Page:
In U.S. v. Johnson, the Fourth Circuit in an opinion by Judge Wilkinson, joined by Chief Judge Wilkins and Judge Luttig, explained why it is that a sentence within the federal sentencing guidelines carries a presumption of reasonableness.
Judge Wilkinson wrote:
(1) "The first reason that Guidelines sentences are presumptively reasonable under Booker is the legislative and administrative process by which they were created."
(2) "The second reason that Guidelines sentences are presumptively reasonable is that the process described above has led to the incorporation into the Guidelines of the factors Congress identified in 18 U.S.C.A. § 3553(a) as most salient in sentencing determinations."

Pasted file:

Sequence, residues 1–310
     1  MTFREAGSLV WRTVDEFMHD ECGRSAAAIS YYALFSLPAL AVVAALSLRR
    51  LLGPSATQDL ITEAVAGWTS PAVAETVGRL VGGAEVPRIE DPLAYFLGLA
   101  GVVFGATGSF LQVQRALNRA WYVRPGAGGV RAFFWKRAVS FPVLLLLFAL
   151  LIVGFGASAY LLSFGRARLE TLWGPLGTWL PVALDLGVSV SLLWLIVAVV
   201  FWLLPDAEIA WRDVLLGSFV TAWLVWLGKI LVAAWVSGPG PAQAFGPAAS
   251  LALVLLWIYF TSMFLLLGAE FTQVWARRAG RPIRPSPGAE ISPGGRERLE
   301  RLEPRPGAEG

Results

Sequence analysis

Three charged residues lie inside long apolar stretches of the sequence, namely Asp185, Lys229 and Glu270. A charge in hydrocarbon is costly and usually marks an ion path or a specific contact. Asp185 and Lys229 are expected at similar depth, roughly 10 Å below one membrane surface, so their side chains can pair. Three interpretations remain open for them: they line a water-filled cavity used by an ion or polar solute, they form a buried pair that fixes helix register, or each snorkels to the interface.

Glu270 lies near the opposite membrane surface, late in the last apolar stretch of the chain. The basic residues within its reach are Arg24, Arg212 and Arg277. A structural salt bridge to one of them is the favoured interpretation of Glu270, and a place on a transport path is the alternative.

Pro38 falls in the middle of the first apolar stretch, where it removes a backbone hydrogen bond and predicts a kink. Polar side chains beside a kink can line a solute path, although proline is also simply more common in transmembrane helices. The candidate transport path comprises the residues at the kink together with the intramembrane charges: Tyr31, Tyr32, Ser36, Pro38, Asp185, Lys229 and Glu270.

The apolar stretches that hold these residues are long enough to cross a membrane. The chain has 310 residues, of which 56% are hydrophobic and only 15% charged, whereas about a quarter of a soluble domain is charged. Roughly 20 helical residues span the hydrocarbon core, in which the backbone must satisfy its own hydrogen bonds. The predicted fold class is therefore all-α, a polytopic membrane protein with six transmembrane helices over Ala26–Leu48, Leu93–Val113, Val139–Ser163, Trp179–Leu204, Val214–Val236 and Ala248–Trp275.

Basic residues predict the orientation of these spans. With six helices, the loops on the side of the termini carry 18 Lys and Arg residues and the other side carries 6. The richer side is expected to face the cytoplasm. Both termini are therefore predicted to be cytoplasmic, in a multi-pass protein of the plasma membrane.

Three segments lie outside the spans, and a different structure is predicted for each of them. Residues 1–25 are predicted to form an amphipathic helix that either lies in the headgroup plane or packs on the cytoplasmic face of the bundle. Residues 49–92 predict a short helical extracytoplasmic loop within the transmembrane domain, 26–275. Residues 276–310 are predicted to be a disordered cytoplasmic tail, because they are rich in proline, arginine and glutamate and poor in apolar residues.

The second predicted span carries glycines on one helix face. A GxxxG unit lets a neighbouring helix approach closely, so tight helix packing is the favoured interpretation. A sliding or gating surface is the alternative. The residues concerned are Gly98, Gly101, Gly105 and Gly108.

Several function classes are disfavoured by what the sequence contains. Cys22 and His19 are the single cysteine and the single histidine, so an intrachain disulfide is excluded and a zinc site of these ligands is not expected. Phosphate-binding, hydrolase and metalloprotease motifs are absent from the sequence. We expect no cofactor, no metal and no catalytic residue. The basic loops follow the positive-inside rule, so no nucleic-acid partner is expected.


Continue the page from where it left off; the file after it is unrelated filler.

(3) "the third reason why Guidelines sentences must be treated as presumptively reasonable . . . [is] that such sentences are based on individualized factfinding and this factfinding takes place in a process that invites defendants to raise objections and requires courts to resolve them."
Professor Berman says, even if all that's true, there still can be unreasonableness.